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Clinton arrives in Cambodia

Clinton arrives in Cambodia

United States Secretary of State Hillary Clinton arrived in Siem Reap Sunday for a scheduled two-day visit to Cambodia, amid a flurry of rights concerns on display during last week’s visit by United Nations Secretary General Ban Ki-moon.

In a statement on Saturday, the US state department said the visit, the first by an American secretary of state since Colin Powell’s trip to the Kingdom in 2003, highlighted Washington’s commitment to “enhanced, sustained, and comprehensive engagement in Southeast Asia”.
Foreign Minister Hor Namhong hailed Clinton’s arrival as a reflection that “the relationship between the government of Cambodia and the US has grown closer” in recent years.
But Hor Namhong said that Cambodian officials would again request the cancellation of the debt that was incurred under the Lon Nol regime in the early 1970s.
“I think the US does not know exactly the stance of Cambodia on this matter, and I will raise it with [Clinton],” he said.
The issue has become a thorn in the side of US-Cambodian relations, with Prime Minister Hun Sen denouncing the debt as “dirty” money that fuelled Cambodia’s civil war.
The US argues that cancelling the debt would set a “poor precedent”, and that Cambodia is capable of paying it back.
In Siem Reap, Clinton toured Angkor Wat and met Somaly Mam, the head of the anti-human trafficking organisation AFESIP.
Today, she is set to meet King Norodom Sihamoni and senior government officials – as well as opposition leaders – in order to “highlight the importance of a vibrant political arena where all voices are heard”, according to the US state department.
Clinton is also scheduled to visit the Tuol Sleng Genocide Museum and hold a “town hall” forum with students at Chaktomuk Conference Hall.
But Clinton’s visit may be overshadowed by rights concerns that arose during Ban’s visit to the Kingdom.
During a meeting with the UN head, Hun Sen said the government would prevent the Khmer Rouge tribunal from prosecuting any additional cases beyond its second, and reportedly ordered the UN to close its human rights office in Phnom Penh.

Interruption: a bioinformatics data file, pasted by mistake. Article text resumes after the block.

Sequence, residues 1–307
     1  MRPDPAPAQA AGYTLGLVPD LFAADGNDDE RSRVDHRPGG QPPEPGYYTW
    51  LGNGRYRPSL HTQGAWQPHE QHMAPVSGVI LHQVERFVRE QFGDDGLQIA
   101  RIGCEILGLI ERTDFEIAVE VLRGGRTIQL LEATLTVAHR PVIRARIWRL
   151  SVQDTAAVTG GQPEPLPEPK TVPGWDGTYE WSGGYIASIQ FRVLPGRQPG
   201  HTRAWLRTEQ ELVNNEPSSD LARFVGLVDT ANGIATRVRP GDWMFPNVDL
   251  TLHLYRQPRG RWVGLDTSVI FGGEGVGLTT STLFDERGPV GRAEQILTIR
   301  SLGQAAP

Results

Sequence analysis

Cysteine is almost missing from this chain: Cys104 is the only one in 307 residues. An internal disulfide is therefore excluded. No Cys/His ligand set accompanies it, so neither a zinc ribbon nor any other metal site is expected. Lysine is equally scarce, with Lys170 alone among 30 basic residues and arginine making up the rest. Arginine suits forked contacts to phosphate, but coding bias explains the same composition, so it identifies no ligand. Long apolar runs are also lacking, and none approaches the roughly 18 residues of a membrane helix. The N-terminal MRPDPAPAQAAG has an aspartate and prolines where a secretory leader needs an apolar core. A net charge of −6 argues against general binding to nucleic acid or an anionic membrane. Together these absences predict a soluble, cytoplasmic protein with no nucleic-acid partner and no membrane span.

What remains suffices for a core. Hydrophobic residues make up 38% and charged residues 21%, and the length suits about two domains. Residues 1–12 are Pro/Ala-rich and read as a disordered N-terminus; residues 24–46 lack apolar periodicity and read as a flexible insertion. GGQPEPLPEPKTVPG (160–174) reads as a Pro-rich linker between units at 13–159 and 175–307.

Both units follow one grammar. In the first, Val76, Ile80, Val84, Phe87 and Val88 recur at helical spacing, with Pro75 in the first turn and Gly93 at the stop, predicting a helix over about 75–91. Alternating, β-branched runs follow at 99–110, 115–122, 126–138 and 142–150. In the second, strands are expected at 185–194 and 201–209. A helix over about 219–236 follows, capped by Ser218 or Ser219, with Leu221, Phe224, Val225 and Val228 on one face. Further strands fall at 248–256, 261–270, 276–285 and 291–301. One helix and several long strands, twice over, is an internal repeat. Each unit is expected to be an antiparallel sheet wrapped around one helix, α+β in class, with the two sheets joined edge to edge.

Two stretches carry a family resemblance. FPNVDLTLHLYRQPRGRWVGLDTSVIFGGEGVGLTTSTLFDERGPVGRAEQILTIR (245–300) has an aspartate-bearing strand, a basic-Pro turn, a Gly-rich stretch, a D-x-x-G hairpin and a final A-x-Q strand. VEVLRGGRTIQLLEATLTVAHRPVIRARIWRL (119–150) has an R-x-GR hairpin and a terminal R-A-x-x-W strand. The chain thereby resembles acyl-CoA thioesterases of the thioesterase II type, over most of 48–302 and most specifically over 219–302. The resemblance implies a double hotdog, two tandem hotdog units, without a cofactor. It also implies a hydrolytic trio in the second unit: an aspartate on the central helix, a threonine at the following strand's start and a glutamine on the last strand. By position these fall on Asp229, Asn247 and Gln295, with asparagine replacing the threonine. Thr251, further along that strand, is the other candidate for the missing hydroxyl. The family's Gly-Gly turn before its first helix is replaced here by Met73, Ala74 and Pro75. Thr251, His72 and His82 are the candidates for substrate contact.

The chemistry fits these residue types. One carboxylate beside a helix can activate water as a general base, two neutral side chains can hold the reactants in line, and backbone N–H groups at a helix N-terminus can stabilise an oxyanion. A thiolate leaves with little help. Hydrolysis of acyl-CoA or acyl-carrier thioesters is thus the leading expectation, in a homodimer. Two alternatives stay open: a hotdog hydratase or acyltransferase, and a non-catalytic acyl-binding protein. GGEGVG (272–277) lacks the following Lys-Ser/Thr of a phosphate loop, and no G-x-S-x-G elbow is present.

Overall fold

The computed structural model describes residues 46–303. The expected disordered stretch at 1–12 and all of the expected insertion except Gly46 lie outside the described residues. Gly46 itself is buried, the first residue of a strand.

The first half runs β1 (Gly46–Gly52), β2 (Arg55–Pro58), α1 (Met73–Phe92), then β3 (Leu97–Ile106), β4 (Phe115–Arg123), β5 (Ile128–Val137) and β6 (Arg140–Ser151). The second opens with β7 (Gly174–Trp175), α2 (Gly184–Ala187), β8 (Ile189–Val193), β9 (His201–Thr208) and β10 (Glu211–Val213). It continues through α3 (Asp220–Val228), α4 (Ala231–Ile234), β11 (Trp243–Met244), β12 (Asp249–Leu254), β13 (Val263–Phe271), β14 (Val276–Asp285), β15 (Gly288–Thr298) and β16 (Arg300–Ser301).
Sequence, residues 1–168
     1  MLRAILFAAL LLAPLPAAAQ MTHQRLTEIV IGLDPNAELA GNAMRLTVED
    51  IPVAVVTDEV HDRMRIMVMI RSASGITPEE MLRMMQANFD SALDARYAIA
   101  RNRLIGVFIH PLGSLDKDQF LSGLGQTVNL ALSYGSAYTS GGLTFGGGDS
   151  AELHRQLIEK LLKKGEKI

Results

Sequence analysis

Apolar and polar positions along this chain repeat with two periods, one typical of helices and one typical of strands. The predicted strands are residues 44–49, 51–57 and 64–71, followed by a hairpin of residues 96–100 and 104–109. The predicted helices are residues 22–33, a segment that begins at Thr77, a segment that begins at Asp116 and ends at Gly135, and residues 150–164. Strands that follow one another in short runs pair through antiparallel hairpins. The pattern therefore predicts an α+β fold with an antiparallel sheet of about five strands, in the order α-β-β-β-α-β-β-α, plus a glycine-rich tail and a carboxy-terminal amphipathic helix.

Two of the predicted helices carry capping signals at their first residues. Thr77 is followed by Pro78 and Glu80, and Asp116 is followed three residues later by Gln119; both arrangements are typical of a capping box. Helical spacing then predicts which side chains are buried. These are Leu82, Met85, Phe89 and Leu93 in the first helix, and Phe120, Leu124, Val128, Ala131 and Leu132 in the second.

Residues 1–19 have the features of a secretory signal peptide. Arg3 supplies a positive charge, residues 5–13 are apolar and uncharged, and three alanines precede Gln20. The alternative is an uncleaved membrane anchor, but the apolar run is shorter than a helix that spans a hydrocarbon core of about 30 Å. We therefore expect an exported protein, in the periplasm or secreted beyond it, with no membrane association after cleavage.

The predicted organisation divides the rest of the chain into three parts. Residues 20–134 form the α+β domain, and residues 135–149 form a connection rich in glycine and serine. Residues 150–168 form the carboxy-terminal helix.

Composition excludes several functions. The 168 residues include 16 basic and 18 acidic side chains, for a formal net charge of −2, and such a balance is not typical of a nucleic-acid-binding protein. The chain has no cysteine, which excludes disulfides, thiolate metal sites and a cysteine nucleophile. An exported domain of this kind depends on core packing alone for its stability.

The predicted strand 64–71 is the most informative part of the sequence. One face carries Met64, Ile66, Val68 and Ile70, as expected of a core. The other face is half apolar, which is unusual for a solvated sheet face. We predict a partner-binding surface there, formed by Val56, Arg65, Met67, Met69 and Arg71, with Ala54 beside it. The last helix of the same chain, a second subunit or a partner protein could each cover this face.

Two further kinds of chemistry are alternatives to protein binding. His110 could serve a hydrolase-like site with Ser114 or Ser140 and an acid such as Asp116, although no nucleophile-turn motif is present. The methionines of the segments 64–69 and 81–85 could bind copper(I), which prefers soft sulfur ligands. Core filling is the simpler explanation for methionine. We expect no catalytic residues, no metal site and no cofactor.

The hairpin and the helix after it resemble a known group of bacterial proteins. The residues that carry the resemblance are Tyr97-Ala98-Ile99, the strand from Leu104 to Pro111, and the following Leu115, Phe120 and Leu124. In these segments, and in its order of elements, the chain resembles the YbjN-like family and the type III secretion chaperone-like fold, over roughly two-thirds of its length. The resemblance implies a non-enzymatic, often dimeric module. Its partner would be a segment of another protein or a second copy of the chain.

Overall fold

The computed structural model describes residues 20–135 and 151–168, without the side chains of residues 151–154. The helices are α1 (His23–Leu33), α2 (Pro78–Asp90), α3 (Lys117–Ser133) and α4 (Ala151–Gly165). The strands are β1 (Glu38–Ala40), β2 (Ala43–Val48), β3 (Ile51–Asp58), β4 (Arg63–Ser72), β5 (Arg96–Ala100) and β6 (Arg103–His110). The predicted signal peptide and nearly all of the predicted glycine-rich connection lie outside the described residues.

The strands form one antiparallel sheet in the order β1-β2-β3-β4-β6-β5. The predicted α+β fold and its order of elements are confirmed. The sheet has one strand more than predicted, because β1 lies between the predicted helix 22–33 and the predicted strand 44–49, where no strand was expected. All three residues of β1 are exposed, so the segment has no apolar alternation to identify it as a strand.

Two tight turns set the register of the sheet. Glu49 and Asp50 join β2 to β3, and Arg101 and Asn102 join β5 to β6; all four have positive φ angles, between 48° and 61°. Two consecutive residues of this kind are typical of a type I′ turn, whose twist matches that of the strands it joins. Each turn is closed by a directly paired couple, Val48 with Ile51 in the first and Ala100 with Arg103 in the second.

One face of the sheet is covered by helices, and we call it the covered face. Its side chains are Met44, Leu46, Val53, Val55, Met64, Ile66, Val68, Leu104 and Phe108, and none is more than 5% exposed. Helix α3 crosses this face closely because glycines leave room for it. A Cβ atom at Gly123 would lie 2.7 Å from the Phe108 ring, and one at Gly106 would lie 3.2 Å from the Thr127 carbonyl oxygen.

Both incidents prompted outrage from local and international rights groups. In a joint statement last week, Human Rights Watch and Amnesty International called on Clinton to “publicly express support” for the UN rights office.
Phil Robertson, HRW’s deputy Asia director, said the events “raise the bar” for Clinton’s visit, and urged her to indicate Washington “is not willing to countenance this kind of blustering intimidation of UN personnel”.
On the final day of Ban’s visit, police beat local activist Suong Sophorn unconscious as he attempted to deliver a petition protesting against land evictions to the secretary general.
Local organisations, including rights groups, unions and the opposition Sam Rainsy Party, have called attention to the human rights situation in Cambodia and urged the US to take a firm stand on the issue.
Embassy officials were unable to provide specifics on whether Clinton would raise these issues in talks with government officials.
Clinton is taking her sixth trip to Asia as secretary of state, illustrating a wider US strategy of increased engagement with the region.
She started the tour in Hawaii with a major address on US-Asian relations, attended the ASEAN Summit in Hanoi and later held a brief meeting with China’s state councilor for foreign policy, Dai Bingguo. After Cambodia, she will visit Malaysia, Papua New Guinea, New Zealand and Australia.

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